Chart 2: US and UK institutions set up most CLOs

Chart 2: US and UK institutions set up most CLOs

Who are the Borrowers?

As of March 2019, two thirds of the assets of Irish-resident CLOs consisted of syndicated loans. It is important to point out that while there is substantial overlap, syndicated loans are not necessarily leveraged loans. However, syndicated loans are typically associated with high debt levels on the part of the borrower and higher risk perceptions on the part of the lenders – hence the reason for multiple lenders.

The borrowers for these loans mostly consist of non-financial corporations (NFCs) located in the euro area, the US and the UK (Chart 5), and are almost entirely (~98%) denominated in Euro. The “other category” mainly consists of insurance companies and finance vehicles set up to take loans on behalf of corporate borrowers.

NFC borrowers are mainly in the healthcare, chemicals, computer and electronics, professional services, media and retail sectors. These sectors combined represented over half of the exposure of Irish-resident CLO vehicles at any given time.

Irish borrowers constitute only a minor part of the portfolio (approximately €1.0bn), consisting solely of non-financial corporates. In comparison, Irish banks had approximately €41bn in loans outstanding with Irish NFCs in the same period. There are only a small number of these borrowers, and their syndicated loans mostly relate to their acquisition by another company.

Chart 3: Borrowers whose loans are being securitised are mostly euro area, US and UK

Chart 3: Borrowers whose loans are being securitised are mostly euro area, US and UK

Lending standards for borrowers appear to be weakening over time. Loans with reduced investor/lender protections, known as “cov-lite” loans, constitute 84% of all loans held by Irish-resident CLO vehicles as of Q1 2019 (see Chart 6). This estimate is a lower bound, as we proxy the cov-lite status of a loan by whether the words “cov-lite” appear in its deal name. The predominance of cov-lite loans in Irish vehicles’ portfolios is not an outlier; rather, it is representative of the leveraged loan market.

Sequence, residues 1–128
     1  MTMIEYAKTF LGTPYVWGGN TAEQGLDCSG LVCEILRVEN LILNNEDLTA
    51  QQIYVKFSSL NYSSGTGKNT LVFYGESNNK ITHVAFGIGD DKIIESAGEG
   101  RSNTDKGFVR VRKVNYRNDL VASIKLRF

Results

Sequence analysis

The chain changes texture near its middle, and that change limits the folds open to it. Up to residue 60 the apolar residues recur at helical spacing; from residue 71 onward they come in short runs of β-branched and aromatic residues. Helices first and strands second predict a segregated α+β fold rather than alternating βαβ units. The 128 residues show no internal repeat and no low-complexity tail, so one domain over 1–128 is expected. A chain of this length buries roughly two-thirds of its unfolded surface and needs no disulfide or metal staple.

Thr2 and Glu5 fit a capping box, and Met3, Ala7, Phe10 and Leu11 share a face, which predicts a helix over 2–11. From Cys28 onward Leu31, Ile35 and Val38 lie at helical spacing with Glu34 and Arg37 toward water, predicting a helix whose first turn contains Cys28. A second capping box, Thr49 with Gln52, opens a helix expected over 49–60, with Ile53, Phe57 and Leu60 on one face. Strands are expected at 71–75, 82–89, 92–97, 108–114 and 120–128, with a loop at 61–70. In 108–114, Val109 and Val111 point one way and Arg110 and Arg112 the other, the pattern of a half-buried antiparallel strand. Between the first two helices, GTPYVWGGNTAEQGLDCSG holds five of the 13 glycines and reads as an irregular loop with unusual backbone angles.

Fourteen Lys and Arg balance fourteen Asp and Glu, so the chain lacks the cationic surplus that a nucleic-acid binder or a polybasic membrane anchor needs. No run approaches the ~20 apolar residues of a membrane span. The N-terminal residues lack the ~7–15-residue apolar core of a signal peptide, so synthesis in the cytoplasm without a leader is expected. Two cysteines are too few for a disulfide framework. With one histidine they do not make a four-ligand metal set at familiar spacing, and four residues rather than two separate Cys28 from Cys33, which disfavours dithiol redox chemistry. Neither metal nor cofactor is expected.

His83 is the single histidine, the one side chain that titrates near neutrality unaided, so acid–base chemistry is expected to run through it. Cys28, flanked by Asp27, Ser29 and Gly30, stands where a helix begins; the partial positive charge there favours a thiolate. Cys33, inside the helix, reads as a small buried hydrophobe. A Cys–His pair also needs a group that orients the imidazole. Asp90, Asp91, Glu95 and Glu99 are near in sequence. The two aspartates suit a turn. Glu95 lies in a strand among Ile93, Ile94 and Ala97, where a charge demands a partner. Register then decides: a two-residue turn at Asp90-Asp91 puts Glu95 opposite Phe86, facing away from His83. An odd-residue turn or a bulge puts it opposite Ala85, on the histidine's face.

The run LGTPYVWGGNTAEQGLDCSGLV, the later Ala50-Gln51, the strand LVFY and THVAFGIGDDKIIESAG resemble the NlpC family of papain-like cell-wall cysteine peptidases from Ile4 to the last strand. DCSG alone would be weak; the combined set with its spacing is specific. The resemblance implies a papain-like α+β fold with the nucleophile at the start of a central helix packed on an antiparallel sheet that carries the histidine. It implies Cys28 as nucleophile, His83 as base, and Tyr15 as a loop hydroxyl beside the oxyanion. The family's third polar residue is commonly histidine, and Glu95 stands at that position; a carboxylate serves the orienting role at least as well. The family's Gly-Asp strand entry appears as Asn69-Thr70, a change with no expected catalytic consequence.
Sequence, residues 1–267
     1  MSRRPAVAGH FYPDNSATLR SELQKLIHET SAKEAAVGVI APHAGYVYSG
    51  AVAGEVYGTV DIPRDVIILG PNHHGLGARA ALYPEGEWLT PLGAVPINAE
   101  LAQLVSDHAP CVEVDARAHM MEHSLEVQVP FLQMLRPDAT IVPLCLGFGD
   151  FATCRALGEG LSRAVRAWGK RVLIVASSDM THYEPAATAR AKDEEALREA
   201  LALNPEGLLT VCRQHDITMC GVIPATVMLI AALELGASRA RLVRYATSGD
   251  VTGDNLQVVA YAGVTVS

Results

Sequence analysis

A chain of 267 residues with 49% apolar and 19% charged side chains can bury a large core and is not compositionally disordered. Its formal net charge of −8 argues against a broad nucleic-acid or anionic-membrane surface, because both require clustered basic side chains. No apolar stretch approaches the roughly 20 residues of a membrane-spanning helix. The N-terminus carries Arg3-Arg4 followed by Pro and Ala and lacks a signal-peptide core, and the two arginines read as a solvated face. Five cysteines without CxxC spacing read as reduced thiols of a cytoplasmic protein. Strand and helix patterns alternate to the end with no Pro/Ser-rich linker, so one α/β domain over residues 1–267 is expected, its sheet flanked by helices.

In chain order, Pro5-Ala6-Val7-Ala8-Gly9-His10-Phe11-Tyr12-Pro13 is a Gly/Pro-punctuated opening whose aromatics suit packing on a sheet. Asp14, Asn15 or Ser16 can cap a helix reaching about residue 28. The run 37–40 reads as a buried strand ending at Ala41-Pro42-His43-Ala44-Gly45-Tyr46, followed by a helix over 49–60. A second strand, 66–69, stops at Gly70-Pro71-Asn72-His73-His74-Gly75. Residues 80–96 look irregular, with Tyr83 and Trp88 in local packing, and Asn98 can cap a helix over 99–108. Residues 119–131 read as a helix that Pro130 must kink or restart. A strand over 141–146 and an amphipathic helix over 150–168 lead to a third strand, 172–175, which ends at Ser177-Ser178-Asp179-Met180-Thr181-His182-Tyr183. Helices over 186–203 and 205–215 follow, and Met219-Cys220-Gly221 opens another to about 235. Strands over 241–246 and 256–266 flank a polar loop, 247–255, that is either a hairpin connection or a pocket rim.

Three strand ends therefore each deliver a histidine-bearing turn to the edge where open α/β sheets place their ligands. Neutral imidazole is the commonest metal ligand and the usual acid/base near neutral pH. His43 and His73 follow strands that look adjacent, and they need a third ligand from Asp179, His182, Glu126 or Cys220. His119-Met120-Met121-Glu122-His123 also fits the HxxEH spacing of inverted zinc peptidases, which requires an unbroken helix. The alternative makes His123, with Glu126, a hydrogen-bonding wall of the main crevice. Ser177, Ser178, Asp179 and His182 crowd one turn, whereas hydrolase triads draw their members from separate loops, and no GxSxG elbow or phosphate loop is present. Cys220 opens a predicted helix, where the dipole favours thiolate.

Chart 4: Share of cov-lite deals has increased rapidly

Chart 4: Share of cov-lite deals has increased rapidly

The remaining assets of these vehicles consist of bonds (€9.3bn) as well as deposits and loan claims (€8.2bn). The bonds are mostly issued by, or on behalf of, NFCs. A significant portion of the deposits and loan claims relate to vehicles that have been funded, but have not yet purchased portfolios of loans. This could indicate pent-up demand from the CLO industry for syndicated loans.

Who is Purchasing the CLO Bonds?

To identify who is purchasing CLOs issued by Irish-resident vehicles, we combine the Central Bank’s Financial Vehicle Corporation (FVC) return, which covers all securitisation vehicles resident in Ireland, and the European Securities Holdings Statistics Database (SHSD). CLO vehicles should report any debt securities they issue in the FVC return with ISIN Codes. ISIN codes are unique identifiers for bonds and equity, which can be combined with the SHSD to identify the ultimate holders of CLOs - provided they are held directly or indirectly within the euro area.

Irish CLO vehicles had issued ISIN-coded bonds with a value of €62.8bn as of Q1 2019. The SHSD allows us to identify the ultimate holders of €46.5bn of this debt, with the remainder held by non-euro area investors.

Chart 5: Region of investors in CLOs issued by Irish-domiciled vehicles: Q1 2014 - Q1 2019